Court of Appeal Decision of the Week

Criminal Law: Restricted Use of General Warrants; How Should They Be Used?

Case: R. v. Christiansen, 2017 ONCA 941 (CanLII)

Keywords: General Warrant; s. 487.01 of the Criminal Code; Drug Trafficking

Synopsis:

Police suspect the Appellant, Mr. Christiansen, is engaged in drug trafficking. Surveillance of Mr. Christiansen entering and leaving a clothing store called “Limited Edition” leads police to further suspect the store is being used as a “stash” house. The police seek and obtain a general warrant pursuant to s. 487.01 of the Code.

Notwithstanding s. 487.01(1)(c) of the Code, the police Information to Obtain (“ITO”) discloses the general warrant is sought “…to support the issuance of a Controlled Drugs and Substances Act (CDSA) Warrant to search.” Nevertheless, the warrant is issued and police later confirm the presence of narcotics at the store. Relying on these observations, the police then secure the appropriate CDSA warrant and obtain the evidence which leads directly to Mr. Christiansen’s convictions (for possessing narcotics for the purpose of trafficking and possessing proceeds of crime).

On appeal, Mr. Christiansen argues the Trial Judge erred in upholding the general warrant. The Court of Appeal allows the appeal, sets aside the convictions, and orders a new trial.

Importance:

For the Court of Appeal, general warrants under s. 487.01 are to be used “sparingly” as they authorize the use of investigative techniques, procedures or devices, or other things to be done, that would otherwise constitute unreasonable searches. (See para. 10).

While the powers set out in s. 487.01 of the Criminal Code are very broad, the section also contains some important limiting language:

487.01(1) A provincial court judge, a judge of a superior court of criminal jurisdiction or a judge as defined in section 552 may issue a warrant in writing authorizing a peace officer to, subject to this section, use any device or investigative technique or procedure or do any thing described in the warrant that would, if not authorized, constitute an unreasonable search or seizure in respect of a person or a person’s property if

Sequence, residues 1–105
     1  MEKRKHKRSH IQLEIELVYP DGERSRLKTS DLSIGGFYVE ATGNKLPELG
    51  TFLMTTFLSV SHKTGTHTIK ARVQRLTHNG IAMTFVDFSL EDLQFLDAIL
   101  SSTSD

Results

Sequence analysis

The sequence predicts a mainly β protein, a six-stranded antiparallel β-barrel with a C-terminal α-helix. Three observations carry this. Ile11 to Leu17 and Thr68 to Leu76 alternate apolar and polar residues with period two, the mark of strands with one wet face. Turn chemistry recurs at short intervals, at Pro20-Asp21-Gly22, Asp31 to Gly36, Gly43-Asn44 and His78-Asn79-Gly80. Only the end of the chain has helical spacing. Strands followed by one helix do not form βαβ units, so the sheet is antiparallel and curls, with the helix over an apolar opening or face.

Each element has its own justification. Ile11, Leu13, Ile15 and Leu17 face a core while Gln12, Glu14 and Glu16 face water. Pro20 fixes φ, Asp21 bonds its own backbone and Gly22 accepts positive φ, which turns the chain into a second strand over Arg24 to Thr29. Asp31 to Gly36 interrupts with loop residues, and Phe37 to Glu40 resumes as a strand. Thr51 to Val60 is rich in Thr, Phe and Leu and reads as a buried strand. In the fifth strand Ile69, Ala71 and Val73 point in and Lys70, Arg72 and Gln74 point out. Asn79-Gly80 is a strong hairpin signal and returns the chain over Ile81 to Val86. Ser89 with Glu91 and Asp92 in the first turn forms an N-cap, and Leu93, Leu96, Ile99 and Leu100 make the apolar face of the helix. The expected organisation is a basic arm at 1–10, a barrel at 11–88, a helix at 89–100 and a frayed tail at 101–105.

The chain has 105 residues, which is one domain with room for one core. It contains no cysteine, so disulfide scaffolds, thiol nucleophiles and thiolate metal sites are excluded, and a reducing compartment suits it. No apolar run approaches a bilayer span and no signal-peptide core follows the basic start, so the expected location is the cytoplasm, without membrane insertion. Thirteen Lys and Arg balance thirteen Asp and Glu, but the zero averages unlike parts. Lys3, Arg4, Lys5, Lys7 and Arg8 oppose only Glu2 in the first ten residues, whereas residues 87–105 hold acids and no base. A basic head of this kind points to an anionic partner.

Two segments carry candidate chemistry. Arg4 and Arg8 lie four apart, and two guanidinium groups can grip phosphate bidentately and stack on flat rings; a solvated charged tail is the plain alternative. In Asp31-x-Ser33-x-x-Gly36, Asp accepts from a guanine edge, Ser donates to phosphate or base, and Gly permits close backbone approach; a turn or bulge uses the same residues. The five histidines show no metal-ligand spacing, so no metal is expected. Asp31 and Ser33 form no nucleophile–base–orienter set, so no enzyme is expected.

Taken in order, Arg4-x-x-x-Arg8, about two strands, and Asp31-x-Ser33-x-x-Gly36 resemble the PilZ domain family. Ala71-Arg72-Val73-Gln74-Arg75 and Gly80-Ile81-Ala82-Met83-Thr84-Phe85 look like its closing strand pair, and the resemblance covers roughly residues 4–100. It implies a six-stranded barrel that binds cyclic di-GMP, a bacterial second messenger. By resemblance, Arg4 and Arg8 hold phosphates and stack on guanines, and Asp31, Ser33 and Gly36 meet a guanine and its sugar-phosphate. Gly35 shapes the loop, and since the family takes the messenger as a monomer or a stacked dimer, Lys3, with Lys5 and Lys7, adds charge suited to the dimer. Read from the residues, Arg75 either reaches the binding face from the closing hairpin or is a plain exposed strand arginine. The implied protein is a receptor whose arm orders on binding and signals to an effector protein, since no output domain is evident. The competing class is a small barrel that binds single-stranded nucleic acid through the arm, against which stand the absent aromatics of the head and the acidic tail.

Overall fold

(a) the judge is satisfied by information on oath in writing that there are reasonable grounds to believe that an offence against this or any other Act of Parliament has been or will be committed and that information concerning the offence will be obtained through the use of the technique, procedure or device or the doing of the thing;

(b) the judge is satisfied that it is in the best interests of the administration of justice to issue the warrant; and

(c) there is no other provision in this or any other Act of Parliament that would provide for a warrant, authorization or order permitting the technique, procedure or device to be used or the thing to be done.

Citing R. v. TELUS Communications Co., 2013 SCC 16 (CanLII), the Court of Appeal confirmed that, in particular, s. 487.01(c) is meant to restrict the use of general warrants in circumstances where alternative investigative techniques are available.

In Telus, Moldaver J. explained at para. 80 that the general warrant should only be used in circumstances where the “investigative technique is truly different in substance from an investigative technique accounted for by another legislative provision” and, further, that 487.01(c) serves to ensure that “general warrants may not be used as a means to circumvent other authorization provisions that are available but contain more onerous pre-conditions.” (See para. 10).

For the Court of Appeal, the ITO in this case did not provide a reasonable basis for the issuing judge to conclude s. 487.01(c) was satisfied. The general warrant was issued, in substance, to search the “Limited Edition” store – in other words, for the same investigative technique which was otherwise available under s. 11 of the CDSA (less the more demanding or “onerous” requirements of that section). As such, the Court of Appeal determined the police had used or attempted to use the general warrant for the “impermissible purpose” of circumventing the standard requirements to obtain the s. 11 warrant. (See para. 11).

For this reason, the Court of Appeal concluded that the Trial Judge had erred in not quashing the general warrant. Mr. Christiansen’s convictions were set aside; the Crown “appropriately conceded” that, if the general warrant is found to be invalid (and if the evidence obtained as a result of that warrant were excluded) the convictions against Mr. Christiansen could not stand. (See para. 13).

Counsel for the Appellant: Joseph Wilkinson (Brauti Thorning Zibarras LLP, Toronto)

Counsel for the Respondent: James Sutton and Chrisa Reccord (Public Prosecution Service of Canada, Ottawa)

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Posted: Wednesday, December 06, 2017